Eric helped me fumble through the process, but even after all that trouble, we were forced to admit that these were not the deels we were looking for. We did find a very nice white fur hat (to the back of which, I swear, the rabbit’s ears were still attached), but hats are apparently one of the things for which the price mysteriously doubles when a white person does the asking.
So on to the next delguur we went. This one, thankfully, prominently featured a little space heater. By no means was it roasty-toasty in there, but at least I wasn’t covered in gooseflesh the instant I unzipped my coat.
It only took a few moments of browsing for us to identify the deel I wanted to try on. A shade or two darker than cobalt, with white-gold trim and embroidered blue flowers outlined in white, it matched my specifications much better than anything I had seen thus far.
This time, we has a shopkeeper’s assistant to help me into my deel. She made quick work of the fastenings, though she clucked in disapproval at the apparently inadequate length of the deel itself, and especially of the sleeves. Hudoo deels often have extra-long sleeves with flared ends, which can be rolled back to free the hands or extended to keep them warm. Mine is not a hudoo deel, but the little boy’s in Gracie’s adorable photo is.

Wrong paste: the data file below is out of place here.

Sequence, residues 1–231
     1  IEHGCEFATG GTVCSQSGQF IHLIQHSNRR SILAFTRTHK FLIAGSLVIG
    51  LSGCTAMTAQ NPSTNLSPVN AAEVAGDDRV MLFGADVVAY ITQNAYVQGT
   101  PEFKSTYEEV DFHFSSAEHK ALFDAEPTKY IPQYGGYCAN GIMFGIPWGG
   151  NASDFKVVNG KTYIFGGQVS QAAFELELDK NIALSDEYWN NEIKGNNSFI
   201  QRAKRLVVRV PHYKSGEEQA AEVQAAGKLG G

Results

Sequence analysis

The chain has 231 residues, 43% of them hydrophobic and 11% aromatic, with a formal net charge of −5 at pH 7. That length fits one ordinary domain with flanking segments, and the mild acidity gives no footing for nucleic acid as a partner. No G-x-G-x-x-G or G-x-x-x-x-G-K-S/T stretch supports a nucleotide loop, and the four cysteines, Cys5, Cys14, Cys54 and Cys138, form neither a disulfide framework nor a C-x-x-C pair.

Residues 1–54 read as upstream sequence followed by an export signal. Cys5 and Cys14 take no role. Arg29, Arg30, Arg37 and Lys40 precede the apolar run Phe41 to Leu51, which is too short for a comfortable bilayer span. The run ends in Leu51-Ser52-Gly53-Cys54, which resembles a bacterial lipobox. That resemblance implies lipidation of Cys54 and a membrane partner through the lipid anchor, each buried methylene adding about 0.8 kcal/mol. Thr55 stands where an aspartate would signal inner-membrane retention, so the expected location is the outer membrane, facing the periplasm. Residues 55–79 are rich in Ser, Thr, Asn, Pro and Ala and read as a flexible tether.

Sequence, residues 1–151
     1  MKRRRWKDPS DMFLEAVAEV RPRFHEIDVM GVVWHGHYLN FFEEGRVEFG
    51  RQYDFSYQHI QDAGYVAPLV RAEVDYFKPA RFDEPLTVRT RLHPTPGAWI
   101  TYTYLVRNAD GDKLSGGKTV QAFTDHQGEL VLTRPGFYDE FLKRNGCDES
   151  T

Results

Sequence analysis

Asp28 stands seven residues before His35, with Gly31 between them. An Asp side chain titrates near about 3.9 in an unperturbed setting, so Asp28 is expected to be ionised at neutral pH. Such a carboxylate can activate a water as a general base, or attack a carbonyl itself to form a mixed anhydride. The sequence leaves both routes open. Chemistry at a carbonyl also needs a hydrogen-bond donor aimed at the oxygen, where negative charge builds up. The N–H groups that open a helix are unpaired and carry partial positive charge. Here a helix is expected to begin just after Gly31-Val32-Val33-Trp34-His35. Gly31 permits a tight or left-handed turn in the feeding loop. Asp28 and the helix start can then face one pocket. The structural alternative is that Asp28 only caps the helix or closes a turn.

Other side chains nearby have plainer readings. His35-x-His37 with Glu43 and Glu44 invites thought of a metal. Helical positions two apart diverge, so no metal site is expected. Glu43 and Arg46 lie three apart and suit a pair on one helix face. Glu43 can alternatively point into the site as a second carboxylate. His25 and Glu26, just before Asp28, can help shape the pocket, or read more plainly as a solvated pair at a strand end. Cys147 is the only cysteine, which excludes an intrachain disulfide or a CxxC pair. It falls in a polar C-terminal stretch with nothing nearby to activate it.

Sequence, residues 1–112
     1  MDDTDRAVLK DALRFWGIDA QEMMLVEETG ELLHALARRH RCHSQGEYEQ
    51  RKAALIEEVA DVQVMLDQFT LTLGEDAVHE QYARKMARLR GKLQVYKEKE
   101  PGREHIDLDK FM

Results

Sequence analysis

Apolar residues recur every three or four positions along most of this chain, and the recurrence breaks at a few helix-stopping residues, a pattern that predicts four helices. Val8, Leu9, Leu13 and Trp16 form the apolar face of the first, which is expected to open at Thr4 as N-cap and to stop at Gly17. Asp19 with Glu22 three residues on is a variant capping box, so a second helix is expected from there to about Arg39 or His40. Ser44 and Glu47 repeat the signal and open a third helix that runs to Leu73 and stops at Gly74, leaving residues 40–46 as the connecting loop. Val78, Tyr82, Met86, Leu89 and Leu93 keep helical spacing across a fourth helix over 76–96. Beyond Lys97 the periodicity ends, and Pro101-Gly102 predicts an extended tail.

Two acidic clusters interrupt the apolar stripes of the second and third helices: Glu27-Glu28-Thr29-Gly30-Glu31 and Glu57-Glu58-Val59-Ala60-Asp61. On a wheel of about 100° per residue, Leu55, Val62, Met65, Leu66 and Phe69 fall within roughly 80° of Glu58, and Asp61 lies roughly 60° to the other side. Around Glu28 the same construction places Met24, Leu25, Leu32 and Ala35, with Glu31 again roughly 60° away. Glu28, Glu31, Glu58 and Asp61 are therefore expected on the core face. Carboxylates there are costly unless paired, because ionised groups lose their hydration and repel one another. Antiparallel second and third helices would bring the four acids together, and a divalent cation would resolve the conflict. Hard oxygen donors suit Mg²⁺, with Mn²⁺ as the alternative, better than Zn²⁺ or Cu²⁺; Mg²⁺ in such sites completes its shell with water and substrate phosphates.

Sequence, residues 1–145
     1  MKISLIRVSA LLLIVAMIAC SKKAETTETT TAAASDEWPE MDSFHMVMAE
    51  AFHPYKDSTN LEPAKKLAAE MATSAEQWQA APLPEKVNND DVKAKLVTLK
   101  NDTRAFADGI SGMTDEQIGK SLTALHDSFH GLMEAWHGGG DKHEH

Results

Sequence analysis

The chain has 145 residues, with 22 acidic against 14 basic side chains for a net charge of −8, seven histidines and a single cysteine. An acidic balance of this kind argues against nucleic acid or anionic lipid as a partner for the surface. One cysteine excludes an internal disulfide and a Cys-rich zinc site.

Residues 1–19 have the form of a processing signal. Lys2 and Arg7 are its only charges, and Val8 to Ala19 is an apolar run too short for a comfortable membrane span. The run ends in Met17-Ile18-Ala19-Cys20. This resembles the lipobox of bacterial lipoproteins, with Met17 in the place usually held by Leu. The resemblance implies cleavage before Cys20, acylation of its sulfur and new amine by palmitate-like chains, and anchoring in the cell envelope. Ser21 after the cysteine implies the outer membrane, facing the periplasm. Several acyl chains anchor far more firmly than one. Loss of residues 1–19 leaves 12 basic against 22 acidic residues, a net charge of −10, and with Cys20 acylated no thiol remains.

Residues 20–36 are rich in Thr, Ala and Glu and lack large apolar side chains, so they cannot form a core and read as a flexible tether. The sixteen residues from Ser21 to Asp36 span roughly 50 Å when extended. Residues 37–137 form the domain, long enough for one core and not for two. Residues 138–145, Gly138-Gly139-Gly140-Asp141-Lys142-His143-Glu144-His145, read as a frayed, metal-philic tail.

Shopkeeper-lady apparently though I needed one. She extended one of my arms, taking my hand to demonstrate – and gasped, clutching both of my hands in hers and exclaiming at how “хүйтэн” they were. I get this reaction a lot: from friends, from boyfriends, even, when I was in UB for Thanksgiving, rom a a drunk man on the bus on whose foot I tripped. Mongolians seem particularly concerned by it and often make much over the temperature of my hands even when I don’t find them noticeably cold.
Eventually, she stopped fussing about my hands and started fussing over my choice of бүс, or belt. They wanted to give me one in construction-sign orange. It’s a common belt color, and my father the faithful Illini fan would have heartily approved the color combination, but I was not a fan. The next one they tred to give us was green. But while the tattered leaf-green sample sash we’d used when I tried the deel on went nicely with my blue deel (and dark green Mongol boots), the fabric they had for sale was much… brighter. Acid-green belts might be just as common as fluorescent orange ones, regardless of what color deel they’re holding on, but that didn’t mean I wanted one.
Finally, we persuaded the shopkeeper to cut us a strip of white fabric, which I thought looked better with the trim and embroidery on my deel. Helper-lady wasn’t pleased with this one either, declaring it neither long nor wide enough. It was just long enough double knot when (tightly) wrapped around me twice; the more elaborate tying methods would have required a few extra feet of sash. I’d like to have that option, but fabric is easy to buy, so I shouldn’t have much difficulty finding a longer bus. So we paid and headed out to catch our ride. I had my first deel.